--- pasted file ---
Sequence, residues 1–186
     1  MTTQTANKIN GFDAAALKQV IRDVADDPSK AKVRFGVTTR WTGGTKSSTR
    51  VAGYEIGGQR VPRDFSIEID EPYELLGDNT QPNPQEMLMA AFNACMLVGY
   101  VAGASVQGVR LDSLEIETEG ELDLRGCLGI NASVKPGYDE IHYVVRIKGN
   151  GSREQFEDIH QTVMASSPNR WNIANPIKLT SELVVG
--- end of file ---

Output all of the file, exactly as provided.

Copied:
Sequence, residues 1–186
     1  MTTQTANKIN GFDAAALKQV IRDVADDPSK AKVRFGVTTR WTGGTKSSTR
    51  VAGYEIGGQR VPRDFSIEID EPYELLGDNT QPNPQEMLMA AFNACMLVGY
   101  VAGASVQGVR LDSLEIETEG ELDLRGCLGI NASVKPGYDE IHYVVRIKGN
   151  GSREQFEDIH QTVMASSPNR WNIANPIKLT SELVVG